Pacquiao looking for KO this timeBy Beth Celis
Philippine Daily Inquirer
MANNY Pacquiao must still be hounded the memory of his last fight with Juan Manuel Marquez, both in his sleep and in his waking hours.
The bitter taste of his controversial last victory—unconvincing to many—has left Manny feeling the need to come up with something awesome in his upcoming fight with Timothy Bradley on June 9 at the MGM Grand in Las Vegas.
You know the story: Cries from pro-Marquez supporters claiming that the Mexican champ has been robbed of triumph for yet another time.
Who knows, perhaps even Manny himself has doubts about the result of the Trilogy. After all, he narrowly won over Marquez by majority decision. Two judges handed in scorecards of 116-112 and 115-113 while the third ruled the bout a draw at 114-114.
Pacquiao’s winning streak was stretched to 15 fights but pro-Marquez supporters shouted “robbery!”
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According to an item in the Pacland website, Pacquiao stressed the need for a knockout, or at least for a fan-pleasing show in the fight with Bradley, for the fans to forget about his below-par performance in the Trilogy .
Pacquiao explained that at the time of the fight with Marquez, he was having his own personal war with wife Jinkee and his mind was not a hundred percent focused on the task at hand.
“It’s really important because, of course, everybody knows my last fight was very close,” Pacquiao said .
This isn’t to say though that he is underestimating the less experienced Bradley.
“Bradley is not the kind of boxer we underestimate. In him I will be facing a younger hungry fighter,” Pacquiao said.
Bradley has declared that this high-profile bout for Pacquiao’s World Boxing Organization welterweight belt is the start of a new phase in his career—which goes without saying that he is looking to win against the 8-division world champion on June 9.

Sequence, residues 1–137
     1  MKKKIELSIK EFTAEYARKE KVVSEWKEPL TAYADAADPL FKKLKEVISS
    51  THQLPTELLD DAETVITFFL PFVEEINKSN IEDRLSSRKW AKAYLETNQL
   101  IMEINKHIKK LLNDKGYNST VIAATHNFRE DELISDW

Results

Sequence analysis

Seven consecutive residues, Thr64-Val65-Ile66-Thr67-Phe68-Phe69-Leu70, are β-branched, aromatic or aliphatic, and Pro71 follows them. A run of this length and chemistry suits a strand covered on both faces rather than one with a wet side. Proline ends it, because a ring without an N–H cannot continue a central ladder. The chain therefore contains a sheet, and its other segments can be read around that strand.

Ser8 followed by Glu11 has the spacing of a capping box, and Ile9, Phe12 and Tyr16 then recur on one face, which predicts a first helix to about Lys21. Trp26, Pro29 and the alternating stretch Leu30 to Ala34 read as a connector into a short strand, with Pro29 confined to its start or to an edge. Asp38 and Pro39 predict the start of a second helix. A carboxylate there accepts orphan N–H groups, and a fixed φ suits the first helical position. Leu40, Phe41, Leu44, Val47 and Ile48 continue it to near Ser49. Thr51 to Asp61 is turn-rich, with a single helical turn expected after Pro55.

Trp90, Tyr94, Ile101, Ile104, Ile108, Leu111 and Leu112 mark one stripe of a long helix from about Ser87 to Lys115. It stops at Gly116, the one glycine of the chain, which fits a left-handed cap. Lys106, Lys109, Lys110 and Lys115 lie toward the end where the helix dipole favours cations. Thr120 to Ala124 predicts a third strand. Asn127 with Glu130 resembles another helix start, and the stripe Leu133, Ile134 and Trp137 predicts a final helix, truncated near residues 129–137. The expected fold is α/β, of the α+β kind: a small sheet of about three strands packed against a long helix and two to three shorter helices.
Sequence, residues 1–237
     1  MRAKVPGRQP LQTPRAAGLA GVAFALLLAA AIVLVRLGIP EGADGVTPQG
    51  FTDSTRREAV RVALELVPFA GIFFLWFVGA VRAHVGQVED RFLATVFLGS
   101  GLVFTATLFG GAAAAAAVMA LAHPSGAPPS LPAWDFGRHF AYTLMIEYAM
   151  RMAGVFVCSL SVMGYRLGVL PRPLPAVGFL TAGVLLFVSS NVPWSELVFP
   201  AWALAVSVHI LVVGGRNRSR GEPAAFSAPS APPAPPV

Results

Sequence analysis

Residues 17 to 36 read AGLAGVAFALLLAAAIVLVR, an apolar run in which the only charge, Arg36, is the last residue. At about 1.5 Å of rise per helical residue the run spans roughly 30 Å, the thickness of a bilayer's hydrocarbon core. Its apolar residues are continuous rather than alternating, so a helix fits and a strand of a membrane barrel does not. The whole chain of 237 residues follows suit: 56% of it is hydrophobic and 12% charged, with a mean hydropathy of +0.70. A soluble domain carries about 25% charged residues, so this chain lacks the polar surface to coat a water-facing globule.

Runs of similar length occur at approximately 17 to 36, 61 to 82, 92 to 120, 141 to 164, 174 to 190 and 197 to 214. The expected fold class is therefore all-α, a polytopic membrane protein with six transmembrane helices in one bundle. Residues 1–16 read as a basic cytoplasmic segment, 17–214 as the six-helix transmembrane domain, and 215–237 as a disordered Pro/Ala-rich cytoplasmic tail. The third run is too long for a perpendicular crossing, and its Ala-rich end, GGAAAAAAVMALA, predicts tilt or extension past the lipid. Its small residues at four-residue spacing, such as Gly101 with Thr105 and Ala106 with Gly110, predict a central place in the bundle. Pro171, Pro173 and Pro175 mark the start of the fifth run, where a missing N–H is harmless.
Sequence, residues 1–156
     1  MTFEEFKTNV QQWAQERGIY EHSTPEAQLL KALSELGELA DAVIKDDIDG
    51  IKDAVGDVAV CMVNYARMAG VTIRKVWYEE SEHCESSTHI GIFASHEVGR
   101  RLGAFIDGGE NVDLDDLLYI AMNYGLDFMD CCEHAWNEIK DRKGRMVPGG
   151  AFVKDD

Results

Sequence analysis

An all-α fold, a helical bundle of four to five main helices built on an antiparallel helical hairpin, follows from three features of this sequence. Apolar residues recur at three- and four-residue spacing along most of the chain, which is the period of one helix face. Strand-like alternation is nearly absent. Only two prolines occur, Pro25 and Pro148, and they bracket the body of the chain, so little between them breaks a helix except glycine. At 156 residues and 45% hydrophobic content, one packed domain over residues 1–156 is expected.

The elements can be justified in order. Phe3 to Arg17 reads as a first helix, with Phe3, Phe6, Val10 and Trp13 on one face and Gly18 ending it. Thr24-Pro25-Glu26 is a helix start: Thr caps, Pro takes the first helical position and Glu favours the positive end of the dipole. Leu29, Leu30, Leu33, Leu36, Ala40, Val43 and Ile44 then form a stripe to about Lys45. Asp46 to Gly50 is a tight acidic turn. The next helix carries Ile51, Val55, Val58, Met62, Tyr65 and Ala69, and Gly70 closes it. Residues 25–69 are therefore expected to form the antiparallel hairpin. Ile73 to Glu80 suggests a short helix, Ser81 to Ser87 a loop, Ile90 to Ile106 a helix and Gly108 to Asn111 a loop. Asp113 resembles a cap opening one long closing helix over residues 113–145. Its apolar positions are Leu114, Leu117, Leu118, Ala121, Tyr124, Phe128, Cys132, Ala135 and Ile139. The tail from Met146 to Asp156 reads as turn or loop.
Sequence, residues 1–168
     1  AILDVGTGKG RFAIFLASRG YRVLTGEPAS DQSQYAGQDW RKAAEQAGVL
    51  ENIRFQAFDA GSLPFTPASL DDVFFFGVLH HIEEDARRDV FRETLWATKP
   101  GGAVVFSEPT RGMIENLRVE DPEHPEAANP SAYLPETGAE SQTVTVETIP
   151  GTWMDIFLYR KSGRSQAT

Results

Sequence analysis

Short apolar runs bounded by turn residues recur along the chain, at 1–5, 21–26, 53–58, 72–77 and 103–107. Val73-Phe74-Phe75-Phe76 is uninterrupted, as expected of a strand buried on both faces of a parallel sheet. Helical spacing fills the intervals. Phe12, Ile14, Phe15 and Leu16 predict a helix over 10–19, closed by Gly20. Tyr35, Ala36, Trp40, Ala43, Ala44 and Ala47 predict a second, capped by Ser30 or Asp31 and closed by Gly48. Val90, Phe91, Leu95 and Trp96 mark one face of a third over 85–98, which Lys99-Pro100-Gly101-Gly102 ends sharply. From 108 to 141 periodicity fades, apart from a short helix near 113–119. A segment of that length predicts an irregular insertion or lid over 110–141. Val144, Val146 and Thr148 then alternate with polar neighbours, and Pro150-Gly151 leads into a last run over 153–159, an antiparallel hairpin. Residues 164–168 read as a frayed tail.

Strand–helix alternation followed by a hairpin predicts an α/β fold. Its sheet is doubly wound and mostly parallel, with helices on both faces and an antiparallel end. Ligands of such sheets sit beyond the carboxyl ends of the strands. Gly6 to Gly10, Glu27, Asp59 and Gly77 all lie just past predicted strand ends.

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“This is like my first fight all over again,” said Bradley, the WBO light welterweight champion who holds a 28-0 record with 12 knockouts.
“In order to beat the champion, you’ve got to take it to the champion,” Bradley said. “We are setting out to win this fight and not sit around and look pretty. I am going to take it to Pacquiao.”
Trainer Freddie Roach was quoted as saying that could be just what’s needed to draw the best from Pacquiao.
“I think the way Bradley is going to come forward and force a fight, we’re going to see a great Pacquiao,” Roach said. “Bradley’s a tough guy, very resilient. But being a tough guy doesn’t win fights.”
Roach said he’d been impressed with the intensity Pacquiao has brought to his preparation.
Roach shook things up a bit by bringing in new sparring partners who didn’t know Pacquiao, weren’t friends and wouldn’t go easy on the champion.
“It worked out real well,” Roach said, adding that he’s impressed with the intensity Pacquiao has brought to his preparation for the Bradley fight.
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By the time I realized that no retirement ceremony for the Living Legend Sonny Jaworski had taken place last May 27, it was already the next PBA playdate.
“What happened?,” I asked PBA media bureau head Willy Marcial.
He said The Big J had asked for a postponement. Next month, maybe.
The hanging of the Big J’s famous No. 7 jersey is long overdue. From what I gathered, it has been planned by different commissioners over the years but it never pushed through.
Perhaps the Living Legend does not want to retire. Or maybe he is superstitious about something adverse happening if he retires.
Incidentally, I forgot to ask Willy about the Barako Bull promo girls who visited the Smart-Araneta Coliseum during a PBA playdate last week to give the media, among others, a trial sip of the canned product.
Somebody caused trouble by allowing the arch-enemy of Barako Bull to enter the latter’s territory. This incident has been reported to Barako chief George Chua and, from what I gathered, investigation is now ongoing.
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